To increase the likelihood that other agencies will respond to these nudges, DGS has leveraged both design thinking and shifts in human capital. The most important design change involves creating more charge stations for electronic vehicles. Specifically, the governor’s 2016 ZEV action plan called for the electrification of five percent of all workplace parking spaces at state-owned facilities as well as the construction of 1,500 additional vehicle powering stations over the next five years. At the same time, Kim has tried to prime the workforce to promote and embrace change. This includes disseminating knowledge about electronic vehicles through marketing materials and demonstrations as well as encouraging his team to become more comfortable taking risks to develop best practices and strategies. Kim explained, “This is harder than it seems because you can make the data say what you want it to say…. So, I think we have to create a safe environment for our staff to be intellectually honest and figure out what we can do about this.”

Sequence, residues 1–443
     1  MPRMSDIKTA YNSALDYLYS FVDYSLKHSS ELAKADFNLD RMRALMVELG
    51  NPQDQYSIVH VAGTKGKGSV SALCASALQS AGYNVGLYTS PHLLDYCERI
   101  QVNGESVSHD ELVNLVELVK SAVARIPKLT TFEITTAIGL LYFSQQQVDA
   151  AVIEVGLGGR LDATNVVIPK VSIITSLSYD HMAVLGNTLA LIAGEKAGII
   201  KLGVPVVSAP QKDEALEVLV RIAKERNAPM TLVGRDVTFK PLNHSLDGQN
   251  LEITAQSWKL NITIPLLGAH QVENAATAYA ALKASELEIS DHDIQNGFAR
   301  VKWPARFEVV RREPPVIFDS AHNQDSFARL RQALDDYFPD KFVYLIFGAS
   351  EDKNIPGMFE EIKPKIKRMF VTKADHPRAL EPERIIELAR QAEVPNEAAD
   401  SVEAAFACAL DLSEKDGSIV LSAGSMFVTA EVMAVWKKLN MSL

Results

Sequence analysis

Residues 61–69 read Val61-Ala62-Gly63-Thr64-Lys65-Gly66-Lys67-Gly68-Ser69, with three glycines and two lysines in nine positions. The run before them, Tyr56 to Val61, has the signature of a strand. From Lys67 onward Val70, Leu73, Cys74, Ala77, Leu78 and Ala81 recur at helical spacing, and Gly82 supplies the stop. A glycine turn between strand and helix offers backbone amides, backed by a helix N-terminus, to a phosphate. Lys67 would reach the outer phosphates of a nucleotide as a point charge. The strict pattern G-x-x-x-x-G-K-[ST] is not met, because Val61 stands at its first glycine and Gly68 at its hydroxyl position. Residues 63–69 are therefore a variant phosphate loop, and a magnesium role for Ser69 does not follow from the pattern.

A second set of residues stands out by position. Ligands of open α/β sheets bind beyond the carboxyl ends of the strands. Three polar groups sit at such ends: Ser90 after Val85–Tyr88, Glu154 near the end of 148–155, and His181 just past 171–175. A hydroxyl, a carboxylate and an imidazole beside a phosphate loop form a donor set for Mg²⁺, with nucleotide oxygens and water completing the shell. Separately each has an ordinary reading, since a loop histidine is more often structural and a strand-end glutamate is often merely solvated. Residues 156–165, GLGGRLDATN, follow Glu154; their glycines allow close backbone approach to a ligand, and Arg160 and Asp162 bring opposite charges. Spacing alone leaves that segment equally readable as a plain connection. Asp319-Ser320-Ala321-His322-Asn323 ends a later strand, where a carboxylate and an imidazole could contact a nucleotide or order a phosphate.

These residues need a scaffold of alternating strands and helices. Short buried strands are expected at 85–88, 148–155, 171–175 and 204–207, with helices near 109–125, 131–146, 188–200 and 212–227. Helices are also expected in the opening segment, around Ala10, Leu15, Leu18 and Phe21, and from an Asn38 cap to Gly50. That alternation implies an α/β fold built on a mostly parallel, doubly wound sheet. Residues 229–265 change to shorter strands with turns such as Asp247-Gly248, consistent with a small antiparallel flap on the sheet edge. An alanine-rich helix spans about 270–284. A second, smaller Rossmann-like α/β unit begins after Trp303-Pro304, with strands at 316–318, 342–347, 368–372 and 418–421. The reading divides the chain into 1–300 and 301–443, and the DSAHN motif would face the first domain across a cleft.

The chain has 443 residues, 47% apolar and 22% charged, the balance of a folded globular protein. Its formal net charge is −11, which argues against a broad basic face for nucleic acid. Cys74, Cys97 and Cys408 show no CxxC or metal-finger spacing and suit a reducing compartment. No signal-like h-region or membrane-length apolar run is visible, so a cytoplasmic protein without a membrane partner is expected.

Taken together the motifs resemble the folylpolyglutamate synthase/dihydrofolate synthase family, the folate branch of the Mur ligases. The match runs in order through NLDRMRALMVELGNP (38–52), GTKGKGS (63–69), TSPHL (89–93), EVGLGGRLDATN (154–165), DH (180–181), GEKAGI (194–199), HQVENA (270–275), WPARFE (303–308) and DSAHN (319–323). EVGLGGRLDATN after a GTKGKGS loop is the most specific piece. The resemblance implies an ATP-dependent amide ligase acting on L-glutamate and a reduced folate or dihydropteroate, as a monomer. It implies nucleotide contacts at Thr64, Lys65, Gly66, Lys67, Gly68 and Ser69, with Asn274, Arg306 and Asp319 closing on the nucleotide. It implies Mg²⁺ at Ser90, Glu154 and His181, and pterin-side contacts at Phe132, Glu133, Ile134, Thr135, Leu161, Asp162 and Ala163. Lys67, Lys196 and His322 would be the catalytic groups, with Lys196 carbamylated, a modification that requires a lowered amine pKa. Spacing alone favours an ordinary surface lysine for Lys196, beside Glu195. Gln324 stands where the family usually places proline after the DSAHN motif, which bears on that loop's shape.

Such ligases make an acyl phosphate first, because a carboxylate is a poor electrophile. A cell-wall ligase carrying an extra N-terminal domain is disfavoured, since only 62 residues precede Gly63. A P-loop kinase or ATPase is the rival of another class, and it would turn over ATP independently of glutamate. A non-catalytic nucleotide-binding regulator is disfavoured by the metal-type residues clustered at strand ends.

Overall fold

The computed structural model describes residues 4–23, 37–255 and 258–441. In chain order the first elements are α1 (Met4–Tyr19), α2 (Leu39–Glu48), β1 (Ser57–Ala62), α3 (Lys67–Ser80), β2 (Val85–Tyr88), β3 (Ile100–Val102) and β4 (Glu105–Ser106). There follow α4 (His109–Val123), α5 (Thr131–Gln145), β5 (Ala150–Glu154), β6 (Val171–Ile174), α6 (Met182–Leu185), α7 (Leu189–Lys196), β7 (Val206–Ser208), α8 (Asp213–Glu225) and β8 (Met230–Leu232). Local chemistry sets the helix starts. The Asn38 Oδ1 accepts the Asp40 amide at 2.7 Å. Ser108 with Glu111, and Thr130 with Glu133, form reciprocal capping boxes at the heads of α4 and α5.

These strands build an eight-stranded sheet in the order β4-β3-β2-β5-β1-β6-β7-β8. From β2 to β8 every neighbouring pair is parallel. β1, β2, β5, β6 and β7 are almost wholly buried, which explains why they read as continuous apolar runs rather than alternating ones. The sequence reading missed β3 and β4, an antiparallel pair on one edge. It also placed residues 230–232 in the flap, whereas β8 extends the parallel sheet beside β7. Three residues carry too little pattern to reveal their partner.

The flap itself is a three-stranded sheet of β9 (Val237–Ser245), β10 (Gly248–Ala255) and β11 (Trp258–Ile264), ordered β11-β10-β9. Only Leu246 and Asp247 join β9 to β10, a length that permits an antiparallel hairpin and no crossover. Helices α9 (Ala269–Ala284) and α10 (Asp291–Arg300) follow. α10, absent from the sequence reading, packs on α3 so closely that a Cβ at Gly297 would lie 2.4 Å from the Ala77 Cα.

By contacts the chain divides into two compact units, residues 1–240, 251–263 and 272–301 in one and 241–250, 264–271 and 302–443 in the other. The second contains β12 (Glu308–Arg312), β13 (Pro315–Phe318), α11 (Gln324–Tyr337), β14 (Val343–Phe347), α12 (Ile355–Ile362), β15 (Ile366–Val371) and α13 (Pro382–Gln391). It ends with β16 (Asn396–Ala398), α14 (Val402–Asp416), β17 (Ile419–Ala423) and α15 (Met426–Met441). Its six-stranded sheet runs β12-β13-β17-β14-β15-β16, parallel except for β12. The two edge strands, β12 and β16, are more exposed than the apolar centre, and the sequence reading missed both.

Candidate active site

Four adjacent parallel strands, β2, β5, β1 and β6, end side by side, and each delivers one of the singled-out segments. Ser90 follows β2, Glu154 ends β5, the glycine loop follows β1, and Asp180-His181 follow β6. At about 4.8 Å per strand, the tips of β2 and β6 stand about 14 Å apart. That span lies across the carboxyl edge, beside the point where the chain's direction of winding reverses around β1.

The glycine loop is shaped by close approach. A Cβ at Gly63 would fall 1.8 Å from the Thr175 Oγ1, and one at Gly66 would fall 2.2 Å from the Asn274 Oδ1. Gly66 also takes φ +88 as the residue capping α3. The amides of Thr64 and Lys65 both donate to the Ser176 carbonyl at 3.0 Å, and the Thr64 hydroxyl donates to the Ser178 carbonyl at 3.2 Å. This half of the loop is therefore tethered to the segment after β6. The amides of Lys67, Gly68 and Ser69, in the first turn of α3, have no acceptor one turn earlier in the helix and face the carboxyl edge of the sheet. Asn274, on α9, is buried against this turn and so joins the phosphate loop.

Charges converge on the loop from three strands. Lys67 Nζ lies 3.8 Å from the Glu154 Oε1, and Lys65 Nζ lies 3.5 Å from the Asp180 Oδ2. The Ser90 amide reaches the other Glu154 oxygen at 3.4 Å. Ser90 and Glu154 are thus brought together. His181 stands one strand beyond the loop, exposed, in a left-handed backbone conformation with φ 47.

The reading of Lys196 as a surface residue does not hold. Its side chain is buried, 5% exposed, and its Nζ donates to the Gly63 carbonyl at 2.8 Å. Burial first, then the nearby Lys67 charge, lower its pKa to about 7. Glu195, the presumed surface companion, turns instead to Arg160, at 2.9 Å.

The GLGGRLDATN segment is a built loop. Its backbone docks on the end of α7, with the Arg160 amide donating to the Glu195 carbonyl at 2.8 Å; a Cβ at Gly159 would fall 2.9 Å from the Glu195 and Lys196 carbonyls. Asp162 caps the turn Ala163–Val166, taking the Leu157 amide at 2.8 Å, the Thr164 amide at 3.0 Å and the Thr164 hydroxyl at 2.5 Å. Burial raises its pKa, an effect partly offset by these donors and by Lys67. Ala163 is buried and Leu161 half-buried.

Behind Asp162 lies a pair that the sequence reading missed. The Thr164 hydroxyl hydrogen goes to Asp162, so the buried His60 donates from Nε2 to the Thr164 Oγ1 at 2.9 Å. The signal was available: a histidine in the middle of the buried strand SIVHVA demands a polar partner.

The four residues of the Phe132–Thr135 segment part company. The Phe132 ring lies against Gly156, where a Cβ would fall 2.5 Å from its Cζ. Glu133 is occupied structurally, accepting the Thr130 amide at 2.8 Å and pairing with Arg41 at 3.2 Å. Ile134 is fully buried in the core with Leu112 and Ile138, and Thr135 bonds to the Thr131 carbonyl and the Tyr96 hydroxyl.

DGS still has a long way to go to achieve the ambitious, long-term goals outlined in Governor Brown’s executive orders. Nonetheless, the agency has already made significant progress. The state has decreased its total sedan purchases from over 800 in 2013 to fewer than 200 in 2016, and the proportion of the acquired vehicles that are ZEV has increased dramatically. What’s more, compared to 2003, total petroleum consumption has decreased by over 19 percent and was projected to decline significantly further by the time the final data from 2016 was calculated. Finally, the fleet’s total greenhouse gas emissions have fallen from well over 700 million pounds of carbon dioxide in 2003 to a little more than 600 million pounds in 2015.
More broadly, Kim and his colleagues can point to a deeper lesson about how to integrate data, nudges, and design thinking to generate impact: it is imperative to be “relentlessly incremental. “Cover all of the angles,” Kim said. “Look at data, come up with goals, set different rates, look at different policies, review the data, and continuously monitor what you’re doing.”